The gameplay ideas are solid, but the way they are utilised in the Campaign and House Vs House modes (multiplayer/skirmish) splits the game in two.
The campaign runs through the history of Westeros, and aims to have players experience events oft mentioned in the books but never fully explored (Nymeria’s landing in Dorne, Aegon Targaryen conquering the Seven Kingdoms etc.). Sadly the Game of Throne’s veneer is pretty thin, reducing characters that are considered legend in the books to irritable instruction givers. To give you an idea of how the campaign will run, here’s a run down of one particular mission…
Aegon Targaryen has just landed in Westeros, charging me with taking over more territory in his name. There is a Tully held castle in his sights but before I can assault it I have to take one of the enemy towns nearby, ensuring that I don’t stretch Targaryen forces too thin – perfectly sensible.
Examining the towns with my spy tells me that both have blood alliances – a noble lady has been married into them, making my envoys and spies completely useless. Time for some assassination! I pick a town and make sure my spy is scoping the place out for enemy units that might see my assassin and arrest him – all clear. I keep the spy dashing back and forth between territories to make sure he remains stealthed, waiting patiently for the assassin who seems to be moving at half his usual pace for no obvious reason. Eventually he makes it into the town with a good twenty seconds left on his stealth meter, he sneaks up to the noble lady…and is promptly arrested by guards who shouldn’t have been able to see him. Instead of being carried off to the enemy castle (from which I could have ransomed his release) he is trapped in the town. Hm.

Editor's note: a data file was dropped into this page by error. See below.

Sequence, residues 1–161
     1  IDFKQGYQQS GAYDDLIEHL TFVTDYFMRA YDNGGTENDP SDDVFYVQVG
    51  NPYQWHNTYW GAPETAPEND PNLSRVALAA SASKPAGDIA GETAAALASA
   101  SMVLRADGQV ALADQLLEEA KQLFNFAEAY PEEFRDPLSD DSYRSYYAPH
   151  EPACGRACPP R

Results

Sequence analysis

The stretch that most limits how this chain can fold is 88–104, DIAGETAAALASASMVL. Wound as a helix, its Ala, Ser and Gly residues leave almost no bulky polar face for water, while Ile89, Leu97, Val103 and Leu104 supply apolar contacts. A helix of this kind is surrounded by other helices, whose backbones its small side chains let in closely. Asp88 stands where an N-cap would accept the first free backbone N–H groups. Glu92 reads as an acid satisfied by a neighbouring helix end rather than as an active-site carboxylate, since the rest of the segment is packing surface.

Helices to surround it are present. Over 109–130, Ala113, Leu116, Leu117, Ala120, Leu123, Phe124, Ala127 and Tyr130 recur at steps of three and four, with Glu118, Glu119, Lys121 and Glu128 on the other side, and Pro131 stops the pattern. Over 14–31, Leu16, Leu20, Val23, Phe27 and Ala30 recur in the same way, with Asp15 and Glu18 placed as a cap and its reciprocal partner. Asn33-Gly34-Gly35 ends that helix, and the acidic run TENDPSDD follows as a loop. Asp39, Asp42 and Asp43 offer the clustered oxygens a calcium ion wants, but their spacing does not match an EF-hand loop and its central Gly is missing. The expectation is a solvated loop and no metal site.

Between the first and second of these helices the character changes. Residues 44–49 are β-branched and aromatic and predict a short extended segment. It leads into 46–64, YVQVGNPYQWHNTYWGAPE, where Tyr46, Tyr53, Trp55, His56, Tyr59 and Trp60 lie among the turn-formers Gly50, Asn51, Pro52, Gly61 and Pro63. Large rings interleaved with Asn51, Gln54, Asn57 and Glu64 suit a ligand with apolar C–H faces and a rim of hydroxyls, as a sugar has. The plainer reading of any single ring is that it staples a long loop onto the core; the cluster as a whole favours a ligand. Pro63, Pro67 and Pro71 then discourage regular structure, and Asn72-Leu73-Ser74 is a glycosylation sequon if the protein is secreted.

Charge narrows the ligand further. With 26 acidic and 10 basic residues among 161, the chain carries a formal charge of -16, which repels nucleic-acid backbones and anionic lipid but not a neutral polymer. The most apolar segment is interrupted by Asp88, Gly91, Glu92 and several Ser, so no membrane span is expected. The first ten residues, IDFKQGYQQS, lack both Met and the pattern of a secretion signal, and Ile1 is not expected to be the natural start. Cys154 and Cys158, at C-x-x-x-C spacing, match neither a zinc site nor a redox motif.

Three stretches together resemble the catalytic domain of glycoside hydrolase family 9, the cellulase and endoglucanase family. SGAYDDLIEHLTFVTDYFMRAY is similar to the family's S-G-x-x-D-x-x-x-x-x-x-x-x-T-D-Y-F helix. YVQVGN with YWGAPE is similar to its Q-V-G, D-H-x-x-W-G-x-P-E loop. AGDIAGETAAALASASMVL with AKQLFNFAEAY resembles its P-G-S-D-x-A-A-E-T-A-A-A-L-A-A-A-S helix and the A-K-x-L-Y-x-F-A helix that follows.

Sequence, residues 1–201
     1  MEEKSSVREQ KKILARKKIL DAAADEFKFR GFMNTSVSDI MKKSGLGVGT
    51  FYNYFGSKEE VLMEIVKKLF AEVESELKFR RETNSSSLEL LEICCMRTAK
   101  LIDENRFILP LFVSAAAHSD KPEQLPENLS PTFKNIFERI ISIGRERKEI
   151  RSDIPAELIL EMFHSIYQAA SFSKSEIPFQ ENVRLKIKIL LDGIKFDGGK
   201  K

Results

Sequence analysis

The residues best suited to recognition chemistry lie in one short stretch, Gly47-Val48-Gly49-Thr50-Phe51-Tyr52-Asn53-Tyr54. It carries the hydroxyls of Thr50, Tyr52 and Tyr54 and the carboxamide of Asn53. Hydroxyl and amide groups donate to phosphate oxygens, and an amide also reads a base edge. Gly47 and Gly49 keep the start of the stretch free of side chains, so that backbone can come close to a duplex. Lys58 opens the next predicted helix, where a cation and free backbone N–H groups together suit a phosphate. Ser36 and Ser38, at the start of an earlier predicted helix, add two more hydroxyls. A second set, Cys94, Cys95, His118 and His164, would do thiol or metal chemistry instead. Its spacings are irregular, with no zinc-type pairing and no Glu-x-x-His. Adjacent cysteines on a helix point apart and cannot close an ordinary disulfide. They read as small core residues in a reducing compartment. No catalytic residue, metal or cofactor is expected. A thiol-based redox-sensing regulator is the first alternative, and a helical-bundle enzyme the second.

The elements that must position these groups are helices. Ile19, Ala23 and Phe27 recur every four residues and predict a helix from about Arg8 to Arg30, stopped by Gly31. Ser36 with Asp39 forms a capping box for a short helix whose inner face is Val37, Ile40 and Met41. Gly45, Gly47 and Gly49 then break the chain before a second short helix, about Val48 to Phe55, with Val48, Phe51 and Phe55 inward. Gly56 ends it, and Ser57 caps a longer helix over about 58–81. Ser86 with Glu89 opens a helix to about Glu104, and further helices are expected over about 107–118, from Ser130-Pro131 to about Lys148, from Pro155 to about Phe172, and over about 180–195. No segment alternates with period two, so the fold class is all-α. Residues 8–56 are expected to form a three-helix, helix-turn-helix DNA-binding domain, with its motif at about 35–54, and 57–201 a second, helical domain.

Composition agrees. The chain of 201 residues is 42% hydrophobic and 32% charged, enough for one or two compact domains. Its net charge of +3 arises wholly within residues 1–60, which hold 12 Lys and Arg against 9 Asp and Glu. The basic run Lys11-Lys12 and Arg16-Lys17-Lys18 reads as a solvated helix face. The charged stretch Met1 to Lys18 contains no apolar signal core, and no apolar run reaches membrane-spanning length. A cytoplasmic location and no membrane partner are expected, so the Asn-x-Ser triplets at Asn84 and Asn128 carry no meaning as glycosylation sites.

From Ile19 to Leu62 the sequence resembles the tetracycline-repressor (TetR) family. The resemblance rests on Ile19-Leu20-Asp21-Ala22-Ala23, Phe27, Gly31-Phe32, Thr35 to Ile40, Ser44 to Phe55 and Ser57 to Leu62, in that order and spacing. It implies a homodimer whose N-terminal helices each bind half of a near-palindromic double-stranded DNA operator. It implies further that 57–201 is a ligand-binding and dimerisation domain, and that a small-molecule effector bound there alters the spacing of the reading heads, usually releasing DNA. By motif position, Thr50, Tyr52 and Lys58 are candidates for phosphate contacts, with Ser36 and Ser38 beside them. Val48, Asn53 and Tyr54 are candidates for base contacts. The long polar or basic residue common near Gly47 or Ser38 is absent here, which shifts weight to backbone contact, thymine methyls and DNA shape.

I ditch the subtlety and take over a different town by setting my big ass dragon on it. One quick spray of purple flame and I have myself ‘Town’. Yay! I’ve got it! Now I get to smash the castle with the army that I’ve been buil- wait, no, the AI does it. WHAT?
The campaign is essentially a lengthy, slow tutorial. On the odd occasion it enjoys making no sense and has a habit of taking the best battles out of your hands. It does open up a little towards the end, but in all honesty I was struggling to make myself play it. And guess what – YOU CAN’T SAVE IN LEVEL. That’s right, in the Game of Thrones you win, or you lose all level progress.
Thankfully there is House vs House mode, and it saves Genesis from being a complete failure. Players can pick from a handful of scenarios set in various different locations, with anything from two to eight AI or player controlled houses competing. I would say that they compete for the Iron Throne, but in reality winning the game just gets you a ridiculous victory screen made up of a sepia fat bloke with a sword. Considering what a visual icon the throne is for the series I was a bit confused by the complete lack of it in game.
Victory is instead gained by amassing 100 Prestige Points, which can be won and lost in a multitude of ways. My favourite way to lose points? Leave your Great Lord unmarried and he’ll start having bastards – pale and frightened looking little boys that if discovered subtract 10 Prestige Points from your total.